The Haunted Mansion true Origins part 2

Today we explore the history and Real Origins of the Haunted Mansion! be sure to watch part one here;

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Last week we left off wondering where did Walt’s attention go to?
Well, it was the 1960’s and the New York’s World’s Fair was about to begin. As we know, Walt was really interested in creating pavilions for the fair, so he put many of his projects on hold so that Imagineers could focus on creating new attractions for the World’s Fair. The came up with “Great Moments with Mr. Lincoln”, it’s a small world, Carrousel of Progress and Ford’s Magic Skyway for which they came up with the new omnimover system that would be really important for the development of the Haunted Mansion later on.
With the project put on hold again, the mansion sat empty for the next few years.
Of course, with the mansion empty, guests started to ask questions. The only clue as to what guests might find inside was a sign stating that Disneyland’s Ghost Relations Department was currently accepting applications from ghosts wishing to enjoy “active retirement in a country club atmosphere” described as “happy haunting grounds.” And that wasn’t enough to satisfy guests’ curiosity. So naturally, the rumors started.
Some people said the ride DID open for some time, but that it was so scary that a man had actually had a heart attack so they had to close it down.
Another rumor stated that one guest allegedly fell out of the attraction and into a snake pit so of course this also resulting in the closing of the attraction.

The last rumor said that the closed attraction was actually Walt’s home inside the park.
Of course, none of this was true but guests continued wondering about the empty mansion for the next few years.
When Imagineers finished working on the World’s Fair pavilions they were completely invigorated and excited to continue working on the Haunted Mansion.

One of this Imagineers was Rolly Crump.
Rolly had been working on the Mansion for some time and he was developing illusions for the animatronics with Yale Gracey. But he was also working in something else…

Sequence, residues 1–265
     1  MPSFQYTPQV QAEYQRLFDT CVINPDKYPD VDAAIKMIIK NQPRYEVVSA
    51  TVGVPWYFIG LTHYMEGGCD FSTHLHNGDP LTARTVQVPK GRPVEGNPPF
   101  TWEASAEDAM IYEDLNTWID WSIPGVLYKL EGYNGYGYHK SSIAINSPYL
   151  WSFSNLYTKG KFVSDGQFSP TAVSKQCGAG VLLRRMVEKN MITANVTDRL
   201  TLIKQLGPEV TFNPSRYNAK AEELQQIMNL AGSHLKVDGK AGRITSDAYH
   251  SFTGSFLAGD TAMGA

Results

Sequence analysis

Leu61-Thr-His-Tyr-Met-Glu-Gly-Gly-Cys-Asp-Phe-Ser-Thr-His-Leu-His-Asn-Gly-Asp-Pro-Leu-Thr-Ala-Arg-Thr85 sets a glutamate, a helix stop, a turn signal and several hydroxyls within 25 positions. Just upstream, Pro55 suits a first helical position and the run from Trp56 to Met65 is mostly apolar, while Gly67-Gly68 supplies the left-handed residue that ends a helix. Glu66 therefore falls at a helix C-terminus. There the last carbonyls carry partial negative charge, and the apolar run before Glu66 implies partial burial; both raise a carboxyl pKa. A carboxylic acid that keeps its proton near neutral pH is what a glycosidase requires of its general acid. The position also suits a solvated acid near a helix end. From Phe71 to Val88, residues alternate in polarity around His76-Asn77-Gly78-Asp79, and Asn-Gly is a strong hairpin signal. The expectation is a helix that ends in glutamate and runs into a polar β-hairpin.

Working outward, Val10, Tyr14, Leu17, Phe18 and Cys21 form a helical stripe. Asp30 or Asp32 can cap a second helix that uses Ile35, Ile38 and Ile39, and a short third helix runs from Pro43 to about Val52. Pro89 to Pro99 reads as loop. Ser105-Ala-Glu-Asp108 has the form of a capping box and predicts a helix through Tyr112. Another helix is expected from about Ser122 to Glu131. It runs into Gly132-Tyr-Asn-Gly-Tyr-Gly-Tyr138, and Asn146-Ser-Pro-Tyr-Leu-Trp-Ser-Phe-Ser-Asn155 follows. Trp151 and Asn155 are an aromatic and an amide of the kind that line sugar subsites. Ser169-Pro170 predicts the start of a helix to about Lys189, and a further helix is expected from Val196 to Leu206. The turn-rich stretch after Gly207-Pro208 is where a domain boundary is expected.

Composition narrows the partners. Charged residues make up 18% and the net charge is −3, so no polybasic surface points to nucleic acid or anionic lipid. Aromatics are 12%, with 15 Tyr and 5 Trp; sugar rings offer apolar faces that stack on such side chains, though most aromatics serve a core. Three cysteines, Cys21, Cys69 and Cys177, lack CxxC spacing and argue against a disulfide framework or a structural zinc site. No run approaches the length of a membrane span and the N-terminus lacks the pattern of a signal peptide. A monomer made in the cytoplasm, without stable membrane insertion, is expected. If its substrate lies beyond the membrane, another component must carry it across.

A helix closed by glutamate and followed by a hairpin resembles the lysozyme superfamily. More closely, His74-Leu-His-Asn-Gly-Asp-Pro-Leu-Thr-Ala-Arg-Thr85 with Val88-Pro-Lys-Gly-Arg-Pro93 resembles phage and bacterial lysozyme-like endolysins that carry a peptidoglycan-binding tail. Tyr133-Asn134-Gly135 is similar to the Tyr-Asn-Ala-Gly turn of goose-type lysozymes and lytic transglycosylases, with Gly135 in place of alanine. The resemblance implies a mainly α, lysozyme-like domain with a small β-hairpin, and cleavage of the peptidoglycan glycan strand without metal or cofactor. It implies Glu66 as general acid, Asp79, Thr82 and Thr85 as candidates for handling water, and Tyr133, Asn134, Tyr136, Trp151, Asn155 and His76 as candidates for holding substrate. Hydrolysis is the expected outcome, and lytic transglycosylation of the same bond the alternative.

Here’s Sam from Expedition Theme Park to tell us more about this.

So Rolly Crump and Yale Gracy were again assigned to work in the Haunted Mansion. But Crump wasn’t very taken aback by the sketches and approaches that other artists had gone with at the time so he thought that he needed to take it to the next level. He started working in new sketches that were inspired in two films he had watched recently. One of these movies was Jean Cacteau’s Beauty and the Beast film that was made in 1946. Crump was pretty impressed with the human arms in the hallways and the human heads near the fireplace and he thought it would be cool to add architecture created out of human parts inside the mansion. That’s how he came up with “the candle man” which was a man with his hands up in the air, with his fingers on fire. He also created sketches for a gyspy wagon that came to life, man eating plants and a seance room. The sketches were turned into little sculptures and Rolly was ready to present this to Walt.

The other Imagineers weren’t sure about adding Rolly’s stuff into the presentation because they considered that it was just too weird. They even told Rolly that Walt would never go for it but Rolly didn’t mind, he said he was just having some fun and it didn’t matter if his sketches didn’t end up being part of the Mansion.
So imagineers continued working to put together this presentation for Walt.

The day of the presentation came and they were ready. The room where the presentation was made had a very long table with Claude Coats stuff on the right, Marc Davis’s presentation in front and the architect’s on the left. But where was Rolly’s stuff? Well, they put it all in the corner of the room just behind Walt.

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